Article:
1st Timothy 2:15
Question: Dear Dr. Luginbill, I've had a question about the meaning of 1 Timothy 2:15 for quite some time and have never gotten a solid answer. The concordances I've turned to have given me broad answers and general speculations. Can you please tell me what Paul meant when he said that "...women will be saved through childbearing..."? Any insight, please? Thank you
Response: I'm happy to give you my interpretation of this passage. Let me say at the outset that beyond all question this passage is not saying that childbearing has anything to do with personal salvation: salvation, eternal life, is promised to all who believe in and faithfully follow our Lord, the only way of salvation (Jn.14:6; cf. Gal.3:26-29). The same Paul who wrote the passage you ask about also encourages believers to stay single, if possible, an eventuality which would rule out the possibility of legitimate parenthood altogether (1Cor.7:1; 7:7; 7:8; 7:29-38). Having children does not save a person, nor does failing to have children prevent a person from being saved.
Paul's comments at the end of 1st Timothy chapter two are addressed to women in general, but the example of Eve used in verses 13-14 is of critical importance to understanding verse 15 (which does not occur in a vacuum, but only makes sense in the context). Four things in the Greek text which are not clear from most English translations:
1) the verb "saved" is third singular, not plural (translate: "she", not "they");
2) the word "childbearing" is preceded by the Greek definite article, i.e., the word "the" - and the Greek article is stronger than the English one, closer to the demonstrative pronoun = "this";
3) the words "[she] will be saved" translate the Greek verb "sozo", which, more often outside of the Bible and occasionally inside the Bible has the meaning "deliver" = not eternal salvation but rescue from trouble in time;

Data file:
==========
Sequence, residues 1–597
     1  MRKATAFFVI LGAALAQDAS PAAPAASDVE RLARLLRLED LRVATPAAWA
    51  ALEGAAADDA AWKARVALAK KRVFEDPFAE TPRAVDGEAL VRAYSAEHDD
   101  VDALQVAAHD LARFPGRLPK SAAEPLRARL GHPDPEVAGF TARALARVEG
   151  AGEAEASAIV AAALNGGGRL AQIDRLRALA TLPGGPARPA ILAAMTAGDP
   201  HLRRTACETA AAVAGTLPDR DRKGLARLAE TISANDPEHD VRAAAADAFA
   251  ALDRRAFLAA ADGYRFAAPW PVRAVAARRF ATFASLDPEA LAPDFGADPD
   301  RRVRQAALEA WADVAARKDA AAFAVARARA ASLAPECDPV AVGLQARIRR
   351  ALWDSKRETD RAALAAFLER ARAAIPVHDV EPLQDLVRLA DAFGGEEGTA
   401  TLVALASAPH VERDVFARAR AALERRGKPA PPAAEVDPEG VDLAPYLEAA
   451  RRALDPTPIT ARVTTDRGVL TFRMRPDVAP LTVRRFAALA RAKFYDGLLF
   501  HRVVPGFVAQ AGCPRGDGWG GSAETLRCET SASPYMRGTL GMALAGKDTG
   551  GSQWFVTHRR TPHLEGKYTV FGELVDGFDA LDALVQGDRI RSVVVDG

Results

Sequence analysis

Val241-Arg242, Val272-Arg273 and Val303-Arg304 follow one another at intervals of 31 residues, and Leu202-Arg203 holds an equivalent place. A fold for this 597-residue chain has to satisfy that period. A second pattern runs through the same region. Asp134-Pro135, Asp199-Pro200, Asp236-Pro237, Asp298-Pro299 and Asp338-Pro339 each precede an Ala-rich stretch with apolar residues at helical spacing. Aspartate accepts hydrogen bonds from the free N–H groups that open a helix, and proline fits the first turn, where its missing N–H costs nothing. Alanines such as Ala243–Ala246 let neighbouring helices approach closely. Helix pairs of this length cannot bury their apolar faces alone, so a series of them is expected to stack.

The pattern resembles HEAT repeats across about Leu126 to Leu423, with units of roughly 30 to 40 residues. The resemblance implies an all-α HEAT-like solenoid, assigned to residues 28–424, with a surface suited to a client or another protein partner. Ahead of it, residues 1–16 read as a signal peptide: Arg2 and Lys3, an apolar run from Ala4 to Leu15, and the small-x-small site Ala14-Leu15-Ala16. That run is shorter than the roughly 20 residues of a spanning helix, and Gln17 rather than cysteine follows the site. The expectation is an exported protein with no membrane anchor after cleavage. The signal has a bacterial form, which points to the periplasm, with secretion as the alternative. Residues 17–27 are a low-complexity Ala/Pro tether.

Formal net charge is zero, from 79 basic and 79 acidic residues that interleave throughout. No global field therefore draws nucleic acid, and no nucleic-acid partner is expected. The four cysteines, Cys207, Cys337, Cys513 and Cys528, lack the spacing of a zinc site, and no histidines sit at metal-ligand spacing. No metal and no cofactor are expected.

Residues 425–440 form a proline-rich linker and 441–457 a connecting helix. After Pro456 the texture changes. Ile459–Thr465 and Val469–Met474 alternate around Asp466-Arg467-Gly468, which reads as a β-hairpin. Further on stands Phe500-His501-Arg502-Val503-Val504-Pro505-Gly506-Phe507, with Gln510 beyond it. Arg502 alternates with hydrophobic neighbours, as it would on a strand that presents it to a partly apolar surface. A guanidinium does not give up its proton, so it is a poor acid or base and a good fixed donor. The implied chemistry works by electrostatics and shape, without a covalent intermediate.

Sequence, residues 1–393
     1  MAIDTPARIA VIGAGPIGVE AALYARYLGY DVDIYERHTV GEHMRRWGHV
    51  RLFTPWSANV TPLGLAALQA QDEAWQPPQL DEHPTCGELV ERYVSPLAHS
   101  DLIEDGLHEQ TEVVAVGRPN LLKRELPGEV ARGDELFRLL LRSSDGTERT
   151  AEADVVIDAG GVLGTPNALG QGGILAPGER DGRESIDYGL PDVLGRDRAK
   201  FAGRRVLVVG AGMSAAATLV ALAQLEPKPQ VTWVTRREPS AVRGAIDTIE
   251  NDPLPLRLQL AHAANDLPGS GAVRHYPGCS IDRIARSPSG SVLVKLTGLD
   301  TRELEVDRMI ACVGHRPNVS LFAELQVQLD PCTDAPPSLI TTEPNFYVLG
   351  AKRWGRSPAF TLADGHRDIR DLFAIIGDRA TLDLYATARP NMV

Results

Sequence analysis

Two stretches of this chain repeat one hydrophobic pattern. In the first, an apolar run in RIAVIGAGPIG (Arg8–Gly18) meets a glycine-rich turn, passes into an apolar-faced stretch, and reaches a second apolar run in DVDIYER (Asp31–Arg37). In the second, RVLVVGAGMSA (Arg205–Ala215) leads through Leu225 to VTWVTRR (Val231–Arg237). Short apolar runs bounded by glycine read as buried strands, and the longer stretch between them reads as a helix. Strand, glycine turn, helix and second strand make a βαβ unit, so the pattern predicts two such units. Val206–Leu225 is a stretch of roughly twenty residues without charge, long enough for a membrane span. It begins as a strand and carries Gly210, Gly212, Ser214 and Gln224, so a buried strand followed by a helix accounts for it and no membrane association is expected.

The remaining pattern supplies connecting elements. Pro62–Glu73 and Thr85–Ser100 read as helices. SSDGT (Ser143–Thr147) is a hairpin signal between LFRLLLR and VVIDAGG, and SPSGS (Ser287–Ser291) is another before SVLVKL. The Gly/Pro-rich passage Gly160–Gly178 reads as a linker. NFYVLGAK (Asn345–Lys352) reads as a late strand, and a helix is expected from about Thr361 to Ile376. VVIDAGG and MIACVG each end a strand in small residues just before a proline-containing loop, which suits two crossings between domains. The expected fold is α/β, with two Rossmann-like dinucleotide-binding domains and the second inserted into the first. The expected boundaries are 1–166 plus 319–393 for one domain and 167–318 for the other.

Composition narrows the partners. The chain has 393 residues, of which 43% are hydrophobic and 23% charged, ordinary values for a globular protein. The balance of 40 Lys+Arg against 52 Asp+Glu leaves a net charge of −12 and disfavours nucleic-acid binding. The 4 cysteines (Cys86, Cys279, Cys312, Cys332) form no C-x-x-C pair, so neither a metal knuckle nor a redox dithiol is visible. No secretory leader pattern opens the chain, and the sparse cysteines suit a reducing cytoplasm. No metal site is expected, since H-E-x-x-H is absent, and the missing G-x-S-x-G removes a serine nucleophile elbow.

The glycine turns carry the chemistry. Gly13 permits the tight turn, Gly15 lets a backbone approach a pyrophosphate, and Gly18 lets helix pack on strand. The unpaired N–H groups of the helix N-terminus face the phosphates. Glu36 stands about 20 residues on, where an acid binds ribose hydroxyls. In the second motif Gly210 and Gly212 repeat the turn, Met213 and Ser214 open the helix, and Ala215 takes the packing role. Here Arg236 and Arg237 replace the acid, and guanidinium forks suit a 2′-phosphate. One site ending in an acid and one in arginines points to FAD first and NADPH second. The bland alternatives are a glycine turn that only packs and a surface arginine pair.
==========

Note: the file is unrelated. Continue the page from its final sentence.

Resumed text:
4) the word translated "through" is the Greek preposition dia, which, while it can mean "through" in the sense of "by means of", here means, as if often the case, "through" in the sense of "[passing] through" (this is the usual meaning when combined with the verb sozo).
When one puts these facts together with the immediate context of the example of the first woman, Eve, it becomes clear that 1Tim.2:15 is to be related directly to Genesis 3:16, that is, to the curse of pain in childbirth as Eve's part in the judgment for the fall (corresponding to Adam's "thorns and thistles – sweat of the brow" and the serpent's "eat dust – crawl on the belly"):
The woman [Eve] participated in the transgression [of Adam's fall], though she was deceived. But she (i.e., still here as a type of all women to follow) will be delivered-safely-through this [painful experience of] childbearing [Gen.3:16] – provided they (i.e., all believing women after Eve's example) prudently abide in faith, and love, and sanctification.
1st Timothy 2:14b-15
Having in verses 9-14 just "pulled up short" a group women in Corinth who were taking advantage of Timothy's apparent difficulties in asserting his own authority, Paul, in verse 15, finds it necessary to provide a bit of reassurance for all the Corinthian women that the Genesis 3:16 curse on women of painful childbirth which he has mentioned to shore up Timothy's position of authority should not occasion fear about having children – for God will protect and deliver-through this experience all those Christian women who are truly following Him – this is really the main point behind 1st Timothy 2:15.
So it is a bit ironic that this verse, meant to encourage sisters in Christ by assuring them of God's concern for them in the matter of childbearing (a potentially frightening thing in the context of Genesis 3:16 when unexplained – especially in the 1st century), has from time to time been a cause for alarm rather than a reassurance.
See also the links: "The Creation of Eve" and "The Seed of the Woman".
I hope this is some help to you,
Yours in Jesus Christ,